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Eighteenth-Century Studies 39.4 (2006) 555-560
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Virtuous Peasants and the Value of Error:
Two New Works on Thought and Culture in Eighteenth-Century France
These two recent works provide fresh insights into the political and intellectual culture of France at the end of the eighteenth century. Amy Wyngaard's book From Savage to Citizen: The Invention of the Peasant in the French Enlightenment examines the notions of the French peasant held by the social and intellectual elite, and how they shifted for several political and aesthetic reasons throughout the eighteenth century. David W. Bates' Enlightenment Aberrations: Error and Revolution in France looks at the function of error and uncertainty in Enlightenment and Revolutionary political discourse. Together they open up new questions about the formation of French identity in this crucial period in its history.
From its title one might expect Wyngaard's work to be an eighteenth-century version of Eugen Weber's seminal Peasants into Frenchmen, but this is not the case. Apart from a few comments confirming how wretched their daily existence really was, real peasants are almost entirely absent from this book. Wyngaard's focus is on the peasantry as a "cultural projection" that over the course of the eighteenth century "came to represent the core of France and what it meant to be French"(13). This new ideal of the peasantry was a significant shift away from their portrayal in the previous century as savage brutes intended as objects of ridicule and scorn. The peasantry, and how it was represented in art and literature, was a central part of a political and social discourse among forces that real peasants had very little interaction with, and who used the peasant as an ideal to promote their competing views of the social order.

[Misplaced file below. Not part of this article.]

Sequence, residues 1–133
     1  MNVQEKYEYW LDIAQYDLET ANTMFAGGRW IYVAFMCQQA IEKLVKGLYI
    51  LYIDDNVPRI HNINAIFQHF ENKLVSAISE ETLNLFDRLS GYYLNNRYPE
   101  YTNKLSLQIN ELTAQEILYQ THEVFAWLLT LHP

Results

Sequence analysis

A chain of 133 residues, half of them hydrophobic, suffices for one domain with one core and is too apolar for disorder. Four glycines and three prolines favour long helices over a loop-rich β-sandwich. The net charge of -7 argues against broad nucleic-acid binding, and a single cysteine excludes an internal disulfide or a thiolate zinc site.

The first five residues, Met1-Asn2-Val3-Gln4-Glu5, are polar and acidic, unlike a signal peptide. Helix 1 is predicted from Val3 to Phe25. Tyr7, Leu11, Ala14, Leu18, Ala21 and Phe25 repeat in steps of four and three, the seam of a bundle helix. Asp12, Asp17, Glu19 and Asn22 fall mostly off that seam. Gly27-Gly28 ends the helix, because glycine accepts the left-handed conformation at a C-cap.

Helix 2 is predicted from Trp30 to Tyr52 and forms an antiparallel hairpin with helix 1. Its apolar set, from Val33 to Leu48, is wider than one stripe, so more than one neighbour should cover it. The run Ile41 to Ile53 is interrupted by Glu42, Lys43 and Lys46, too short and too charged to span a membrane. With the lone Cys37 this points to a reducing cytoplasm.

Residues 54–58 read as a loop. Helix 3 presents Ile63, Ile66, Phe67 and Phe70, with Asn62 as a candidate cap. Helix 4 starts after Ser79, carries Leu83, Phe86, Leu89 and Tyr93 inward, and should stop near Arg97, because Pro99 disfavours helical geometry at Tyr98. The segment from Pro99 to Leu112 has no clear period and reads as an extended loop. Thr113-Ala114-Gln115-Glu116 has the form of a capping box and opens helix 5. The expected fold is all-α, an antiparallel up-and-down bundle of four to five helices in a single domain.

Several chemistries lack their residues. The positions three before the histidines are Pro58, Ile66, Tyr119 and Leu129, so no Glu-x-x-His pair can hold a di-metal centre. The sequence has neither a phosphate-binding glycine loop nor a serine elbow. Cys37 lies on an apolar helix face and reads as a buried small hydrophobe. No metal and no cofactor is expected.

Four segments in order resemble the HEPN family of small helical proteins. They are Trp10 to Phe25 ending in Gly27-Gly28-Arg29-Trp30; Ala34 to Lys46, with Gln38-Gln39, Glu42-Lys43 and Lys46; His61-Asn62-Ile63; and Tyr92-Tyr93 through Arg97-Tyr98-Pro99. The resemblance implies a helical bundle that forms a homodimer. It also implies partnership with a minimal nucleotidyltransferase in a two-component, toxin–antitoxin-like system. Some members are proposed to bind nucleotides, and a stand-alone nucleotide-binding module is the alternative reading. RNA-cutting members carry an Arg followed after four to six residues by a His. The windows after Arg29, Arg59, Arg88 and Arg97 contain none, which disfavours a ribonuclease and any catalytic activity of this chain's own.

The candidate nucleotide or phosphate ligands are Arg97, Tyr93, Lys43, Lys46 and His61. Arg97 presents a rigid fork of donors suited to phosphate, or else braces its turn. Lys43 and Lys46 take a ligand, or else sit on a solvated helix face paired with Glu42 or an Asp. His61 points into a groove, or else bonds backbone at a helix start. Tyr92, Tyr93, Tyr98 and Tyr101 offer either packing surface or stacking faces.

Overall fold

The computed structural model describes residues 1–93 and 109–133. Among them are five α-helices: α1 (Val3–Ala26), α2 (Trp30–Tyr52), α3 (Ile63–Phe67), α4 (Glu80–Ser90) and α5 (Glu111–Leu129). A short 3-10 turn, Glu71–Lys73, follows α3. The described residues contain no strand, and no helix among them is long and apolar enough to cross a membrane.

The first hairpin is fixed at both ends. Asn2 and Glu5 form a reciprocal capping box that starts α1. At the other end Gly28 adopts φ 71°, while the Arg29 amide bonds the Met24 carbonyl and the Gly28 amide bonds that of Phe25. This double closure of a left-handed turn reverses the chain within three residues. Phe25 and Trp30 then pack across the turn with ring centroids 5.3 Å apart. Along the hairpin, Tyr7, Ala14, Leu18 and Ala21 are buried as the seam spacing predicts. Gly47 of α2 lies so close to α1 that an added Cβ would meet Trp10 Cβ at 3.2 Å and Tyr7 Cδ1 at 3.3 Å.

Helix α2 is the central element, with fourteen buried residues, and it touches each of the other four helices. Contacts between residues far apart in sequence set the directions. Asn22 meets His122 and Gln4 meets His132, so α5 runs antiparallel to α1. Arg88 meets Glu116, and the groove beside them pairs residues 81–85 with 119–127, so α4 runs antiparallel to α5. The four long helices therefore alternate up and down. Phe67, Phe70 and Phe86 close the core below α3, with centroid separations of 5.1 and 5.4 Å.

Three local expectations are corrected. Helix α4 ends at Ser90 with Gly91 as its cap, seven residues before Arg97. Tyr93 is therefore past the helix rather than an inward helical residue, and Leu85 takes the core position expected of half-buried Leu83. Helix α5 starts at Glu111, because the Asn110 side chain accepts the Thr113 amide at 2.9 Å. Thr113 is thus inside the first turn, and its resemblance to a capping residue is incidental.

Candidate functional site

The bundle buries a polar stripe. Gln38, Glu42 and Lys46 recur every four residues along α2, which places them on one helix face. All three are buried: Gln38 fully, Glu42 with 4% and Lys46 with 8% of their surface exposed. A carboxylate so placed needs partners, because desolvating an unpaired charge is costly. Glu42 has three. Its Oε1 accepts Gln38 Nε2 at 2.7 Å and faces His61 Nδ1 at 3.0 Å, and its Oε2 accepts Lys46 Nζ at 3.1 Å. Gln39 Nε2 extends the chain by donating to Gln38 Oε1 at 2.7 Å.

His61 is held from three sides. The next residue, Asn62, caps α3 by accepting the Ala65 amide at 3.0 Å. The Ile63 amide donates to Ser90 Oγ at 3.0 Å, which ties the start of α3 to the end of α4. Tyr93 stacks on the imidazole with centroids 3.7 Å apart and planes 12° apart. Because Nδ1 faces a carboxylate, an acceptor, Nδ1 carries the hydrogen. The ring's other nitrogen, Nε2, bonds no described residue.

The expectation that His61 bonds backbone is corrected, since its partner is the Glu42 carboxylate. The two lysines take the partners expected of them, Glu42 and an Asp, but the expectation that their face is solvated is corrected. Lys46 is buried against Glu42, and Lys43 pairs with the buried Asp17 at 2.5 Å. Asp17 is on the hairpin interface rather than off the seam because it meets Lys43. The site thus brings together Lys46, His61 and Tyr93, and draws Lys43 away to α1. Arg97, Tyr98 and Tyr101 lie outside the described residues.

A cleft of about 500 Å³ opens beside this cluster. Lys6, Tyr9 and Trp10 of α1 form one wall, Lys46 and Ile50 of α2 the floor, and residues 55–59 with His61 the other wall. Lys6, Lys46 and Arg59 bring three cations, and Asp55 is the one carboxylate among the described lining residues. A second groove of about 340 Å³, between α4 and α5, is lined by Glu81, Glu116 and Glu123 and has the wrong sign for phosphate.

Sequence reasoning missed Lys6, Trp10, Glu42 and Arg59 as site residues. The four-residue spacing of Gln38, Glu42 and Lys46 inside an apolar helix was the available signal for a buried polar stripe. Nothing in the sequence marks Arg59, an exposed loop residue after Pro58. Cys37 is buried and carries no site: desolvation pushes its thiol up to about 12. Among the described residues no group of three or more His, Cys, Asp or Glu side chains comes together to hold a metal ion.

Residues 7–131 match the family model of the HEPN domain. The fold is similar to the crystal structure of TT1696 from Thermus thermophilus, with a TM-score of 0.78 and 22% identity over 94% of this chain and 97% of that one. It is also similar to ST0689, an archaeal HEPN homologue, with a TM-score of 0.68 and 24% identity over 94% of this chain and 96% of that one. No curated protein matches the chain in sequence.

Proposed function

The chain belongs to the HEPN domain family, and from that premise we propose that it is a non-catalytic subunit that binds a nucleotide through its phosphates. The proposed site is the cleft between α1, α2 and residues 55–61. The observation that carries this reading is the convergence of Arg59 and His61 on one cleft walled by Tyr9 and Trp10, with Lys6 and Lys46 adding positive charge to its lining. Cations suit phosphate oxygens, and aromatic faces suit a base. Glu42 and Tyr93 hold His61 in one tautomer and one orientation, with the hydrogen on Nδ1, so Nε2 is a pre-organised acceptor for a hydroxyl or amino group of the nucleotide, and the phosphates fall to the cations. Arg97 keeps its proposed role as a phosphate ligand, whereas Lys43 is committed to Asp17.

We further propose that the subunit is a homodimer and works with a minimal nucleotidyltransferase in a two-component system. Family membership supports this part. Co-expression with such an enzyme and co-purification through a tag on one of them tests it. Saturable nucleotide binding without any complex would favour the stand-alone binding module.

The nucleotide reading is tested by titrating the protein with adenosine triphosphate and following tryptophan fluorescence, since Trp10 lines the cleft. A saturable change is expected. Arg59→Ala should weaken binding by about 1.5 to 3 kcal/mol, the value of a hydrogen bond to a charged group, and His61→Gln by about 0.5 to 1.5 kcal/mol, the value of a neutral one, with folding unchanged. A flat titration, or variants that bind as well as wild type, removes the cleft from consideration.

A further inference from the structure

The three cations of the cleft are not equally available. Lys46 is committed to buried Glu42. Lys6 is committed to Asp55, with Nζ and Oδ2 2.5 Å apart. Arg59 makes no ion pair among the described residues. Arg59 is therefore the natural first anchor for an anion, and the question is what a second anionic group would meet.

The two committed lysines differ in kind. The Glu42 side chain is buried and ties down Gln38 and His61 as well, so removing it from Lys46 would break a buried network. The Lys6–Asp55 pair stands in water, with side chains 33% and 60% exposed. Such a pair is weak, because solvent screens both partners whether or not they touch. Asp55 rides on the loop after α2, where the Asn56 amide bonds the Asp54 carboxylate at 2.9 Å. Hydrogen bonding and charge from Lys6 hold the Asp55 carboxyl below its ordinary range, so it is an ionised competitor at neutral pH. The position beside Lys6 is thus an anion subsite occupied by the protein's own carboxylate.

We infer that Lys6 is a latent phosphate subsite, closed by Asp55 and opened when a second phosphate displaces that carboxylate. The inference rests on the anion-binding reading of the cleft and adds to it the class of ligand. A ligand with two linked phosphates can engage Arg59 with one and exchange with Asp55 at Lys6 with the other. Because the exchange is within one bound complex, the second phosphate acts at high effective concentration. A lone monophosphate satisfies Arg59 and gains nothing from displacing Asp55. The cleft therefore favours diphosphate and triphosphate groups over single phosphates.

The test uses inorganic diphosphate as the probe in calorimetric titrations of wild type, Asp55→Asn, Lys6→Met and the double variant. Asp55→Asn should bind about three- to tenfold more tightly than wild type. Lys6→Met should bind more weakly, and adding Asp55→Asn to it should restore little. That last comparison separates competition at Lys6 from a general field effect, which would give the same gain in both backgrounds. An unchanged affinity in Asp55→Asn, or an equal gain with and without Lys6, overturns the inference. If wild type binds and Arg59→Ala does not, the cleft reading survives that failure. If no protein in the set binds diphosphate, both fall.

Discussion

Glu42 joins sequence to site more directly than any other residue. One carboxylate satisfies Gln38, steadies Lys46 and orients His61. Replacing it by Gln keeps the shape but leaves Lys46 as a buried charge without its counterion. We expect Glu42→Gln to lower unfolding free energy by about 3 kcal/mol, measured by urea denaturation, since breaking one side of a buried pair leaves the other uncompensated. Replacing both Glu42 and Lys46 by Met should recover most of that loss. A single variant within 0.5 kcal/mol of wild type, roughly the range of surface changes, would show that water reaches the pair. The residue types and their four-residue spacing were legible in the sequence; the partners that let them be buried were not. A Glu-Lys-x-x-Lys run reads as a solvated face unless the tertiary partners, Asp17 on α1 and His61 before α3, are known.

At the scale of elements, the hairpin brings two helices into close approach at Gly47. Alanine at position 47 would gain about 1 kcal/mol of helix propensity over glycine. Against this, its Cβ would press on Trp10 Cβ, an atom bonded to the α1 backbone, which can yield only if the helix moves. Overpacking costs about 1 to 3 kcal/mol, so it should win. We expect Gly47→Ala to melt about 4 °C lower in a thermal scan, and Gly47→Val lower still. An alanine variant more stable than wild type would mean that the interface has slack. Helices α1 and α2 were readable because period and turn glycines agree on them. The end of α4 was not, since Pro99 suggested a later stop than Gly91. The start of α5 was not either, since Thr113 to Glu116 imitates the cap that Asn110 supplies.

For the bourgeois who were vying for a higher standing in French society, the peasant was co-opted as a powerful symbol of social mobility; he represented "simplicity, honesty, and hard work, [and] articulated a new value system grounded in ideas of merit and virtue, that challenged traditional aristocratic codes and dominance"(31). Through a detailed examination of the early eighteenth-century plays of Marivaux and the paintings of Watteau, Wyngaard reveals a "destabilization [End Page 555] of the traditional equivalence between rank and appearance" in the first half of the eighteenth century (37). Many of Marivaux's plots involve the exchange of clothing and identity between masters and servants and play with the relationships between merit, rank, and appearance. Although the social order is inevitably restored at the end of Marivaux's plays, he "troubles this sense of order by showing that the characters' disguises work"(48). Watteau's paintings, particularly his fête galante scenes, likewise play with themes of class mingling and the performative nature of social categories.
The aristocracy projected different values on the peasantry that reflected their anxieties about social change and the erosion of the traditional social order. Physiocrats and other members of the enlightened aristocracy "emphasized the moral and social disintegration caused by the growth of the city and individuals' abandonment of the duties traditionally associated to their rank, and posited the country as the only place where an ordered and harmonious community could still be found"(79). By adopting the same discourse on the virtues of merit and hard work, the aristocracy sought to establish itself as the model of these values to uphold a position in society that they perceived as being under threat. In the face of growing tension between a patriarchal and fraternal model of society from the mid-century onward, the village became the "optimum site for the exploration of these nascent fraternal and egalitarian ideals" because it was perceived as "closer...